From: Ames Research Center
Posted: Wednesday, July 2, 2008
MOFFETT FIELD, Calif. -- NASA is considering the development of a university-based, student-led satellite development initiative to begin passing the space exploration torch to a new generation.
The American Student Moon Orbiter, or ASMO, concept invites students, faculty and industry leaders in the U.S. with experience in university-based, student-led spaceflight projects to respond to a Request for Information which is planned for release this month and will remain open for at least 90 days. The orbiter will be a small satellite that could orbit the moon and carry scientific instruments designed and developed by students. It is aligned with NASA's lunar exploration agenda.
"It is important to provide meaningful experiences to our next generation of engineers, but we need to do it in a thoughtful way," said Dr. Joyce Winterton, assistant administrator for Education at NASA Headquarters in Washington. "By collecting input from universities with experience in this area, we can make the correct decision about whether to proceed, and if so, how."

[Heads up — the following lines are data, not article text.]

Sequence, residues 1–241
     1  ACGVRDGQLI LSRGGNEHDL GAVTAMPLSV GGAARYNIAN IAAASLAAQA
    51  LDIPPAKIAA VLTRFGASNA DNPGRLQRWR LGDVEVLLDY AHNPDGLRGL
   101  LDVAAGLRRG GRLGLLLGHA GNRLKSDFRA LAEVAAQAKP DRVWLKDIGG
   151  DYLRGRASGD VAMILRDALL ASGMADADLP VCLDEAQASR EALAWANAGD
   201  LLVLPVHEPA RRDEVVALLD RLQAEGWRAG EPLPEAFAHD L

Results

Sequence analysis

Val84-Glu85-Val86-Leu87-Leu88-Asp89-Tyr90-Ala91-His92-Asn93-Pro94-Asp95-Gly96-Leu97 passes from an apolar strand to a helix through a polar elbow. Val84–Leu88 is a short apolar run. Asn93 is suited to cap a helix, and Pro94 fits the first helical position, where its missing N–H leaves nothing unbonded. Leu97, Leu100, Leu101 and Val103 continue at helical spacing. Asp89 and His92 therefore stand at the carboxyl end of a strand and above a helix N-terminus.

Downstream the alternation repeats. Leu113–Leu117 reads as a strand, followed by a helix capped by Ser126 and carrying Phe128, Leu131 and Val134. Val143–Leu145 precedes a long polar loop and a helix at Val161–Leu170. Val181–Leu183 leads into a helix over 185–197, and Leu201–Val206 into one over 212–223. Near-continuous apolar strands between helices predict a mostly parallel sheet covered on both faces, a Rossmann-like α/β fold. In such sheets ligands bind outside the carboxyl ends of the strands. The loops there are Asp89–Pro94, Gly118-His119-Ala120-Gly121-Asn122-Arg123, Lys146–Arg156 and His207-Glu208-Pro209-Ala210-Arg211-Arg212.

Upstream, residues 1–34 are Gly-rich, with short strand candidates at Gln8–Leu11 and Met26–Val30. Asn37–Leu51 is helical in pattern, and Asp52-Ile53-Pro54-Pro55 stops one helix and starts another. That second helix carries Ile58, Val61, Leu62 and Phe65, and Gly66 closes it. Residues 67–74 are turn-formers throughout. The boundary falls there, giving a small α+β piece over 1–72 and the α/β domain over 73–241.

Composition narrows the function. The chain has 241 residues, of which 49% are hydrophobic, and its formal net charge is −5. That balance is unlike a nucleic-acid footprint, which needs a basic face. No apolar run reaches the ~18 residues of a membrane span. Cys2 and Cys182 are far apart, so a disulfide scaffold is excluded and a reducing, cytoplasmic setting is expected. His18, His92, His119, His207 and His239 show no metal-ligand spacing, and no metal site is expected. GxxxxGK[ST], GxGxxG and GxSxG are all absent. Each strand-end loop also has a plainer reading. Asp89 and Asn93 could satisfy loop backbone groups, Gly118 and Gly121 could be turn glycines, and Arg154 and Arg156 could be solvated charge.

Under the ASMO concept, teams would learn directly from NASA mentors as part of a diverse, nationwide, higher education initiative that enables students to design, build, launch, operate and own a small spacecraft and its payload. Students would acquire in-depth experience with satellite mission protocol and procedures, communications and project management. NASA's Ames Research Center at Moffett Field in California and NASA's Glenn Research Center in Cleveland are leading the ASMO initiative.
"NASA is laying the foundation for a multi-generation exploration program that eventually will see humans settle our solar system," said Ames Center Director S. Pete Worden. "To sustain this vision, we need the next crop of scientists and engineers to engage their minds and get hands-on experience."
NASA's Office of Education provides opportunities to prepare college and university students for successful aerospace careers through real-world applications of their science, technology, engineering, and mathematics skills.
To respond to the American Student Moon Orbiter Request for Information, visit:
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